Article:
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arXiv:0706.4383v3 [gr-qc] 1 May 2008
Gauge-invariant Boltzmann equation and the fluid
limit
Cyril Pitrou
Institut d’Astrophysique de Paris, Universit´ e Pierre & Marie Curie - Paris VI,
CNRS-UMR 7095, 98 bis, Bd Arago, 75014 Paris, France.
E-mail: pitrou@iap.fr
Abstract.
second order in the cosmological perturbations. It describes the gauge dependence
of the distribution function and the construction of a gauge-invariant distribution
function and brightness, and then derives the gauge-invariant fluid limit.
This article investigates the collisionless Boltzmann equation up to
PACS numbers: 98.80
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Gauge-invariant Boltzmann equation and the fluid limit
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1. Introduction
The origin of the large-scale structure is nowadays understood from the gravitational
collapse of initial density perturbations which were produced by amplification of
the quantum fluctuations in the inflaton field [1]. The properties of the large-scale
structure depend both on the initial conditions at the end of inflation and on the
growth of perturbations in a universe filled with non relativistic matter and radiation.
The theory of cosmological perturbations is thus a cornerstone of our understanding
of the large-scale structure. The evolution of radiation (photons and neutrinos) needs
to be described by a Boltzmann equation [2, 3, 4]. Two types of perturbative schemes
have extensively been used in the literature in order to describe the evolution of
the cosmological perturbations. The first is a 1 + 3 covariant splitting of space-time
[5, 6, 7] and the second is a more pedestrian coordinate based approach. In the first
approach, exact equations on the physical space-time are derived and perturbative
solutions around a background solution are then calculated. In the second approach,
an averaging procedure is implicitly assumed and, starting from a background space-
time, perturbation variables satisfying the equations of motion order by order are
constructed. In the 1 + 3 approach, the variables used are readily covariant, but
the absence of background space-time can be a problem to simplify the resolution by
performing a mode expansion, since the Helmholtz function is in general not defined on
the physical space-time. In the coordinate based approach, all perturbation variables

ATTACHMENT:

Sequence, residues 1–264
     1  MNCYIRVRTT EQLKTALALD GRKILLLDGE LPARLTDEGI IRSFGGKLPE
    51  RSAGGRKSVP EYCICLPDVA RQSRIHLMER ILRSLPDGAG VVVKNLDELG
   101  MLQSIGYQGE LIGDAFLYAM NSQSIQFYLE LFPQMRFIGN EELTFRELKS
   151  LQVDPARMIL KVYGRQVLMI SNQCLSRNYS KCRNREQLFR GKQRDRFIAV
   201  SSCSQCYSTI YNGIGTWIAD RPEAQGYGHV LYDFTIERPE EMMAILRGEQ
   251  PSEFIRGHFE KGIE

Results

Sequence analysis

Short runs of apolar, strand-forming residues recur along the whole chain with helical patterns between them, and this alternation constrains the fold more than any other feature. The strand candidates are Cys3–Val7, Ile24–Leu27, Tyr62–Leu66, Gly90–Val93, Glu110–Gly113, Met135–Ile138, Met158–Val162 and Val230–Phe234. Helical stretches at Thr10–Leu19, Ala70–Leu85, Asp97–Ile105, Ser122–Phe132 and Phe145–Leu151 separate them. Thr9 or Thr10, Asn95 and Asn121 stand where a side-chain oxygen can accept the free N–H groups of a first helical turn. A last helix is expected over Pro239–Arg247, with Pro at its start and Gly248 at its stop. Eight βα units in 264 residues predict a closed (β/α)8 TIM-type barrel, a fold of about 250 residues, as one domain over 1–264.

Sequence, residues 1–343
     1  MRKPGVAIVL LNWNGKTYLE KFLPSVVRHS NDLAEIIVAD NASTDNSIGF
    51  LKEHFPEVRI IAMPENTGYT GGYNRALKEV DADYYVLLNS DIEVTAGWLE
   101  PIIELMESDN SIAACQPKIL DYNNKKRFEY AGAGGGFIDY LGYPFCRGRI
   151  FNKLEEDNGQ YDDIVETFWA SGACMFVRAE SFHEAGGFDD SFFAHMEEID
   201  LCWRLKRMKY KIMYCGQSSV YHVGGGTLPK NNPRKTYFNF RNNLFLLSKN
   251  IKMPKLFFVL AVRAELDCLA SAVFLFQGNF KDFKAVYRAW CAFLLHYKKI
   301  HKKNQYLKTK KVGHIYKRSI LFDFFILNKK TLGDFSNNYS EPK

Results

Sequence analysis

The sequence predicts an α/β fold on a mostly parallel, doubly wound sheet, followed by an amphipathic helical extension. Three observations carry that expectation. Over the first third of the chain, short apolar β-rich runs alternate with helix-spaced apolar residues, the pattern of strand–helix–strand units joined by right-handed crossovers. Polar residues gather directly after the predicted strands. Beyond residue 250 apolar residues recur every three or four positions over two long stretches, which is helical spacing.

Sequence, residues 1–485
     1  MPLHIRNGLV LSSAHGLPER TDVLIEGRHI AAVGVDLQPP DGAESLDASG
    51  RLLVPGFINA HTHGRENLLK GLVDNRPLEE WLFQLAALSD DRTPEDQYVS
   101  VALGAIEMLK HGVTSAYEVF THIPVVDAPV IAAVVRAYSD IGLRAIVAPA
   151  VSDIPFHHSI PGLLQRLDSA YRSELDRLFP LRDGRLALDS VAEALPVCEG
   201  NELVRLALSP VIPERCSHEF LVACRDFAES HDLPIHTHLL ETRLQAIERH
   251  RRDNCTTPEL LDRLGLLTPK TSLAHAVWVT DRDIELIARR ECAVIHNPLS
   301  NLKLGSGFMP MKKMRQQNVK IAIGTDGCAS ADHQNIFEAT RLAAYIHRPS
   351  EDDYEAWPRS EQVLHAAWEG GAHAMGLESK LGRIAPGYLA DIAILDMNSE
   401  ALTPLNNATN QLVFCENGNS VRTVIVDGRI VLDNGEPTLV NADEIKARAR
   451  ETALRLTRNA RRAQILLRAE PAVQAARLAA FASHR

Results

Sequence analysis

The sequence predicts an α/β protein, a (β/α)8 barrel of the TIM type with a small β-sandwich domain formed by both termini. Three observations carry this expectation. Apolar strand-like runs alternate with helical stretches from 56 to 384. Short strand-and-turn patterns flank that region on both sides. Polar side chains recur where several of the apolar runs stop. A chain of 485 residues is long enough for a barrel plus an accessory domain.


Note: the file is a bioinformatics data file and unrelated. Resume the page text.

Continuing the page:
live on the background space-time, and enjoy the advantages of its highly symmetric
properties. However, this extra mathematical structure is at the origin of the gauge
issue through the identification mapping that we needs to be defined between the
background space-time and the physical space-time. Thus, the gauge dependence
needs to be understood. An elegant solution is to construct gauge-invariant variables
` a la Bardeen both for the metric perturbation variables [8] and for the distribution
function [9, 10]. Since the Boltzmann and Einstein equations are covariant, they can
be expressed solely in terms of gauge invariant variables provided we have a full set
at hand. A full comparison of these two formalisms has been performed at first order
in Ref. [11], and for gravitational waves at second order in Ref. [12].
In the coordinate based approach, the true degrees of freedom identified from
the Lagrangian formalism, are quantized. They transfer to classical perturbations
which inherit a nearly scale invariant power spectrum and Gaussian statistics, when
their wavelength stretches outside the horizon, thus providing initial conditions for the
standard big-bang model. Conserved quantities [13, 14] enable to ignore the details of
the transition between inflation and the standard big-bang model (see however [15]),
and the evolution details need only to be known when the wavelength reenters the
horizon. A first step to extend this procedure in the 1 + 3 formalism has been taken
in Ref. [16] where conserved quantities were defined. As for the degrees of freedom
which need to be quantized, a first proposal was made in Ref. [17], in order to identify
them, but it has not yet been motivated by a Lagrangian formulation.
The properties of the observed cosmic microwave background (CMB) anisotropies
have confirmed the validity of the linear perturbation theory around a spatially
homogeneous and isotropic universe and have set strong constraints on the origin of
structures, as predicted by inflation. It now becomes necessary, with the forthcoming
increasing precision of data that may allow to detect deviation from Gaussianity
[18], to study the second-order approximation, in order to discuss the accuracy of
these first-order results. These non-Gaussian features are also of first importance,
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Gauge-invariant Boltzmann equation and the fluid limit
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since they can help discriminating between different inflation theories. Indeed, one-
field driven inflation leads to very small levels of primordial non-Gaussianity [19],
whereas multifield inflation can present significant non-Gaussian features [20],[21].
However, since non-Gaussian effects also appear through non-linear evolution, that
is from the second-order approximation and beyond of the evolution equations, the
study of second-order evolution equations is necessary in order to distinguish between
primordial and evolutionary non-Gaussianities (see Ref. [22] for a review on non-
Gaussianity). Second-order Einstein and Boltzmann equations have been written in
the 1+3 formalism [23, 24], but not integrated numerically, partly because the mode
expansion is not defined on the physical space-time, and this would then require a
four dimensional numerical integration. However, the promising formalism of Ref. [25],